The Cambridge History of English and American Literature in 18 Volumes (1907–21).
Volume XII. The Romantic Revival.

XI. Lesser Novelists

§ 6. George Croly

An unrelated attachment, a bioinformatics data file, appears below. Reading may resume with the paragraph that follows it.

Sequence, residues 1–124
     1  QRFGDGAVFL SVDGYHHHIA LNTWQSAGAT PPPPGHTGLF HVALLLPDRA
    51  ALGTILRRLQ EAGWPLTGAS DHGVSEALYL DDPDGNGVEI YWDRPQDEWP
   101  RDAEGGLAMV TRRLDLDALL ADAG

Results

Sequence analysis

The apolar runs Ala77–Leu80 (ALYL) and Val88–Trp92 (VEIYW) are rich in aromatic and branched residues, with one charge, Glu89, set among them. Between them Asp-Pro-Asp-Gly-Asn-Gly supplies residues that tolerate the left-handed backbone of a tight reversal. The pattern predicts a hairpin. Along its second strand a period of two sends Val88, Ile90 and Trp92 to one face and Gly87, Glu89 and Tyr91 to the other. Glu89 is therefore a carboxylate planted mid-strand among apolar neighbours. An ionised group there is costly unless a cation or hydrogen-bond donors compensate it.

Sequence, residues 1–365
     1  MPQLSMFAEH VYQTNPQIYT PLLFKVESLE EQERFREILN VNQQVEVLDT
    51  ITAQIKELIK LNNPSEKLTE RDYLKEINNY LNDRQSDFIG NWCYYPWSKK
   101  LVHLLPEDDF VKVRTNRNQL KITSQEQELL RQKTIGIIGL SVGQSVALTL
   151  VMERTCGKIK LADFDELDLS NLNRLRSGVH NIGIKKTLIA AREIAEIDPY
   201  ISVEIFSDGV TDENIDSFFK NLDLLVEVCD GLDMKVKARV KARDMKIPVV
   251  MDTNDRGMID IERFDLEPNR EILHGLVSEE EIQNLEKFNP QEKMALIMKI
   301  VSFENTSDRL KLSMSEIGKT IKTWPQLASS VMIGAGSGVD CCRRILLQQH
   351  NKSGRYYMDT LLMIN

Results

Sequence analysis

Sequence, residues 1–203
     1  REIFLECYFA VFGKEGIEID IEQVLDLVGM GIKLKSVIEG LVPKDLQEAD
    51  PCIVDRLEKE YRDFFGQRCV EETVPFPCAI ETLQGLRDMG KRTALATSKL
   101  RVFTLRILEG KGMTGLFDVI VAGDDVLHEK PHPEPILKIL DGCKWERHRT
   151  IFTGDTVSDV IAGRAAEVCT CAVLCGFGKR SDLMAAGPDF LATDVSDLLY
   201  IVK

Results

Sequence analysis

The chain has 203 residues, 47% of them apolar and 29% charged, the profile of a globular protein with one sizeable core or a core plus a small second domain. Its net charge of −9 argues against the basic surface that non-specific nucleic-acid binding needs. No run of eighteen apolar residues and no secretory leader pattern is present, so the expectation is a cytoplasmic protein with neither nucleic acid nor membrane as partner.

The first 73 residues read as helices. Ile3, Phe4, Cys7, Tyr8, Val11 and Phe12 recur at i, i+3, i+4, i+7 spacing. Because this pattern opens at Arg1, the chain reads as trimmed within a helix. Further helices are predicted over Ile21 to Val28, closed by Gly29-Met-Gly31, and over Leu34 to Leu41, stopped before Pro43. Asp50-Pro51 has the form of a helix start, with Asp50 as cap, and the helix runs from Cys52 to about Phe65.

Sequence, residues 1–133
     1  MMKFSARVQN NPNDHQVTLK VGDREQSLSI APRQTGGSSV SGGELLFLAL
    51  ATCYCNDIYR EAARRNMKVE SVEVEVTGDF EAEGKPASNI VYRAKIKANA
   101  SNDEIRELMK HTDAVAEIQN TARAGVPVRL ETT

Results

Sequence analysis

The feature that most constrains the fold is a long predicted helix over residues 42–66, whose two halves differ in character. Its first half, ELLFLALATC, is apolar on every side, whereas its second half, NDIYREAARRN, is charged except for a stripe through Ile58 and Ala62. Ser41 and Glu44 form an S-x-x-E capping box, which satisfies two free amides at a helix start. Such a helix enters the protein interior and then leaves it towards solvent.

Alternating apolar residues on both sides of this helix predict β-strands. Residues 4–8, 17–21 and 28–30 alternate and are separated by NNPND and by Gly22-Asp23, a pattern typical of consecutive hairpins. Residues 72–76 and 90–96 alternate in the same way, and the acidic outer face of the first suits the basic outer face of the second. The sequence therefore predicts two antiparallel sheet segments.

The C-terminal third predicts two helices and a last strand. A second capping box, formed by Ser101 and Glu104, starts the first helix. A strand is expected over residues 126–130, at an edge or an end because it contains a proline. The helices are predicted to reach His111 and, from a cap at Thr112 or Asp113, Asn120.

Though the fiction of George Croly deals but little with the supernatural, it has, on one side, a distinct affinity with the novel of terror. The principal aim of his chief novel, Salathiel (1829), is to overwhelm the reader with monstrous visions of terror and dismay. The theme of the story is the destruction of Jerusalem by Romans under Titus; and here, as in Marston (1846), a romance of the French revolution and the subsequent European warfare, Croly touches, on another side, the historical novelists. But he has not more affinity with Scott than with Mrs. Radcliffe. His models are two: Byron, from whom he takes the character of his heroes, persons who do terrific deeds and seldom cease complaining of their dark and tragic fate; and De Quincey, on whom he modelled his prose. Often turgid, often extravagant, often vulgar in its display, like that of his exemplar, Croly’s prose not seldom succeeds in impressing the reader by its weight and volume; and he had a large vision of his subject. A dash of humour might have made him a great novelist. Yet it will remain strange that anyone writing historical romances in the heyday of the fame of Walter Scott could write so wholly unlike Scott as did Croly. The difference between them was due partly to a sturdy and pugnacious independence in Croly of which there is much further evidence in his life and writings.